Ready to Become a Next-Level Runner? Take the Stairs

A stair-running champion explains how to elevate your run performance.

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A stair-running champion explains how to elevate your run performance.

To take an elevator to the top of China’s Shanghai Tower, 128 stories high, takes approximately 40 seconds—a technological marvel noted in the Guinness Book of World Records as the fastest elevator in the world. But Suzy Walsham of Australia would rather take the stairs—all 3,398 of them. It’s not that much slower, after all—running the Shanghai Tower took Walsham only 20 minutes and 44 seconds, a performance that contributes to her top standing in the Tower Running World Association.

Walsham, who entered (and won) her first “vertical marathon” in 2006, has dominated most of the 90 stair races she’s entered in the past 11 years. The sport, which requires lung-busting sprints up the stairwells of the world’s tallest towers, has helped Waltham become more fit in other forms of racing as well.

“I did 17:05 for 5K and 36:39 for 10K races last year,” says the 44 year-old Walsham. “Tower running has improved the strength and power in my legs, and I think mentally I am stronger, too, because tower running events are so tough.” And, she adds with a smile, running on flat surfaces feels comparatively easier after scaling buildings.

Stair workouts are easy to incorporate into any training routine, especially for those who are short on time. “A decent stair session can take 30 minutes or less,” says Waltham. It’s also a great option when the weather is bad, as most stairwells are temperature-controlled and protected from the elements. Stair training may also provide a workaround for injured runners—Walsham has stair-trained through muscle strains and Achilles injuries that were exacerbated by the road.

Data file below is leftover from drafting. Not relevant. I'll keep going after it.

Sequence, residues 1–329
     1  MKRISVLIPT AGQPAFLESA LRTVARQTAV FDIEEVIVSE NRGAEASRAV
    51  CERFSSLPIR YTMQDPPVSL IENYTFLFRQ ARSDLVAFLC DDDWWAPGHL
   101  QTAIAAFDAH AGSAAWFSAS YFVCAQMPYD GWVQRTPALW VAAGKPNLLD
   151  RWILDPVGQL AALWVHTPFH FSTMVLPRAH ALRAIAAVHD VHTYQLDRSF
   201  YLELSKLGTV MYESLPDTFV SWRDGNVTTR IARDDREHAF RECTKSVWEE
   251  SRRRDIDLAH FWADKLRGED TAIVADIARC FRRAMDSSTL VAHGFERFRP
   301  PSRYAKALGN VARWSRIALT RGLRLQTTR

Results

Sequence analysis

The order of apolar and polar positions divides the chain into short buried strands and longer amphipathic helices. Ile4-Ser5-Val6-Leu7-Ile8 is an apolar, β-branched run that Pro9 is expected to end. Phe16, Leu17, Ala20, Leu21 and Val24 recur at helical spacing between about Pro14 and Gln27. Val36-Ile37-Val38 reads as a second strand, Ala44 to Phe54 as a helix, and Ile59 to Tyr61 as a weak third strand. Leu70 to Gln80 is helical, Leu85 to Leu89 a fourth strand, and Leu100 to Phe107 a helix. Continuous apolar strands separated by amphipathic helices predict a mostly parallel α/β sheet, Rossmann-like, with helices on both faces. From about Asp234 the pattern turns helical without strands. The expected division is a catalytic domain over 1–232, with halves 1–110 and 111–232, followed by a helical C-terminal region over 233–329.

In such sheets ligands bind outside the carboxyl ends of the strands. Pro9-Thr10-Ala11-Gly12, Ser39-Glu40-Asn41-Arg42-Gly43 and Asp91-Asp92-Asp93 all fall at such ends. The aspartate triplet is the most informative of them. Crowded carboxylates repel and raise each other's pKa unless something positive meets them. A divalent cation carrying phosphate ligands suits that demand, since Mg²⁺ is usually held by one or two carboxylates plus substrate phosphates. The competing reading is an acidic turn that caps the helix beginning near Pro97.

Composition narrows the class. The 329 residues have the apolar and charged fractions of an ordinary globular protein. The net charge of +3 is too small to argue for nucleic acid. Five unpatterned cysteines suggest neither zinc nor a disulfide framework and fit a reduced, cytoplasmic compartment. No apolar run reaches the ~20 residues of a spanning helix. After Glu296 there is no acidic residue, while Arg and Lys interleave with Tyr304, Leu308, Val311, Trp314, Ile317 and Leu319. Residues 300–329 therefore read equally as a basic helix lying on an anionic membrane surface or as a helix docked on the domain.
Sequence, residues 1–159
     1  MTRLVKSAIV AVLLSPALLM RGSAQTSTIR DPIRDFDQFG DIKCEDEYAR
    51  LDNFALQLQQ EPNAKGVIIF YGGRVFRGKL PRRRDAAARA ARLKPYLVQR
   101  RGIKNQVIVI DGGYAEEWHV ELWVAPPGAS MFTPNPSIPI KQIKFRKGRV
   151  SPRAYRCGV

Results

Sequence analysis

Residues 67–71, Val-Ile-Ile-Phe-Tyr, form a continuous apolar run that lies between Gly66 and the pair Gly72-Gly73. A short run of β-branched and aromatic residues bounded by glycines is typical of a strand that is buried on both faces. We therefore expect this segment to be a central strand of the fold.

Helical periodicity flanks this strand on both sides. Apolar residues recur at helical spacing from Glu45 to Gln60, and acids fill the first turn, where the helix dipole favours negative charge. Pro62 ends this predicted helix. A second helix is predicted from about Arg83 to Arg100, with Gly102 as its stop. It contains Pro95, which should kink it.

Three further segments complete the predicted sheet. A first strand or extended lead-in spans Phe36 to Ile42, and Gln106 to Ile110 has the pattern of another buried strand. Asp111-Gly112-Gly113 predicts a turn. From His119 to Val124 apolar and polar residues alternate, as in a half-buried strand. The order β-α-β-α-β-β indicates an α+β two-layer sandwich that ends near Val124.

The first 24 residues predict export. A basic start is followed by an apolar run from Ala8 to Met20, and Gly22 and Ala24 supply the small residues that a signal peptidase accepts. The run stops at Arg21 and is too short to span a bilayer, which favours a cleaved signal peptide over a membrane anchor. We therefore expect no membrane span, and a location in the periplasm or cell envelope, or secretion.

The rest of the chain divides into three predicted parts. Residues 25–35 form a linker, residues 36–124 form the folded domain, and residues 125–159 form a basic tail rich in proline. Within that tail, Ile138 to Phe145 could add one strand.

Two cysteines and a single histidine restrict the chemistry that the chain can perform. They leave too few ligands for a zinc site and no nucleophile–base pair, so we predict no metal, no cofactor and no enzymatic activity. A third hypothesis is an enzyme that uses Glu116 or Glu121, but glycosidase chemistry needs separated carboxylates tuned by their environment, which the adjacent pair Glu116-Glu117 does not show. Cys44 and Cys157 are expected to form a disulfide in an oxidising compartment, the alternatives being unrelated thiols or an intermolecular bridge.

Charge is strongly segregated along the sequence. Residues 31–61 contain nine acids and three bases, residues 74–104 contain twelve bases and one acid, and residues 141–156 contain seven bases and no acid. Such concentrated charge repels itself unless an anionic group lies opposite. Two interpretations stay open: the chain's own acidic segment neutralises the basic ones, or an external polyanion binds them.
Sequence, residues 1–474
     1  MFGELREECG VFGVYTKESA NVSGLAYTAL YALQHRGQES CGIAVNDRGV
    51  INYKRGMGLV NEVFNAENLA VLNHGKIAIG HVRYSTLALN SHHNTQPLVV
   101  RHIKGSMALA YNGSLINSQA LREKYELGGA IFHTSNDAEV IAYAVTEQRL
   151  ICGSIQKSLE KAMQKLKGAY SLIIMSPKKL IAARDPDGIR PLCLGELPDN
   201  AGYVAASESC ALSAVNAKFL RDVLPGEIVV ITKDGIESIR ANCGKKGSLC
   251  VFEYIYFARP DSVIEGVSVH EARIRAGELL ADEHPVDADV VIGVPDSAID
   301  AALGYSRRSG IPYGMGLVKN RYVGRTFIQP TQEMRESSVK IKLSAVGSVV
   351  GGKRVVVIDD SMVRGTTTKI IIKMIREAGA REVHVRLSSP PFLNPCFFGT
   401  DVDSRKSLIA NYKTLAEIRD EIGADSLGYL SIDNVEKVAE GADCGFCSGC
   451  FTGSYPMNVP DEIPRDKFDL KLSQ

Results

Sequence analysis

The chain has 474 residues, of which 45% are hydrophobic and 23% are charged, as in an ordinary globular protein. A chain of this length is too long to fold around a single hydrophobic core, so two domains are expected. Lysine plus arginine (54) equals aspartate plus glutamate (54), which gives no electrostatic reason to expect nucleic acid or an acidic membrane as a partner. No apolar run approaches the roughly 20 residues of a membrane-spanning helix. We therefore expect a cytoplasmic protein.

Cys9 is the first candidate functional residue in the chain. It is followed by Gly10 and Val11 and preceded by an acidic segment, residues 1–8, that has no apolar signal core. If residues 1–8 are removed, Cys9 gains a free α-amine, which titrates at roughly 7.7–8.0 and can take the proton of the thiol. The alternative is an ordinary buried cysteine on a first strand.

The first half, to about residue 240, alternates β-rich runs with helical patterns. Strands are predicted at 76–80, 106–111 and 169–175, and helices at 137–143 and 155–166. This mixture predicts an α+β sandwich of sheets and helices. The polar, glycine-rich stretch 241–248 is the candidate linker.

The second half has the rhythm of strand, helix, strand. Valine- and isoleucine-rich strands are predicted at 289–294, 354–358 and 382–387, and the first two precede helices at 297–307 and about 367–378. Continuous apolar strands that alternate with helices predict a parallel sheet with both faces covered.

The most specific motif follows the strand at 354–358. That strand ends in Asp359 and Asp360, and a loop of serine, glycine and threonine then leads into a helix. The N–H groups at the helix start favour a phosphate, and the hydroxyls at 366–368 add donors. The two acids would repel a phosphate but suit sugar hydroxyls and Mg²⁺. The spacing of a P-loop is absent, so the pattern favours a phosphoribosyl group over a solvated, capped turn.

For those looking to take the stairs, it’s important to ease into the workout. “If you go out too hard, you’ll blow up. It’s quite different from running on the road, so understand that things get very tough, very quickly, as a lot of lactic acid builds up,” warns Walsham, who suggests introducing your body to stair workouts by jogging up 10 floors, taking a short rest, then doing 10 more. “As you get fitter, you can either reduce the rest time or increase the number of floors between rests.”

To add a strength component to a cardio-heavy stair workout, Walsham recommends taking the stairs two at a time, which requires more power, and using the handrail to pull up for a complete body workout.

Endurance Stair Session

This stair climbing workout is a staple of Walsham’s training for tower running competition, but also serves as a fitness test for upcoming road and trail races, especially ones that are hilly. “This session takes around 30 minutes, half of which I am running up stairs,” says Walsham. “If I can do this session I know I am in good shape.”

Warm-Up: 10 minutes easy running on flat elevation

Main Set: 10 x 30 floors with 3-4 minutes recovery (Walsham takes the elevator down to the first floor)

Cool-Down: After final repetition, walk down stairs.

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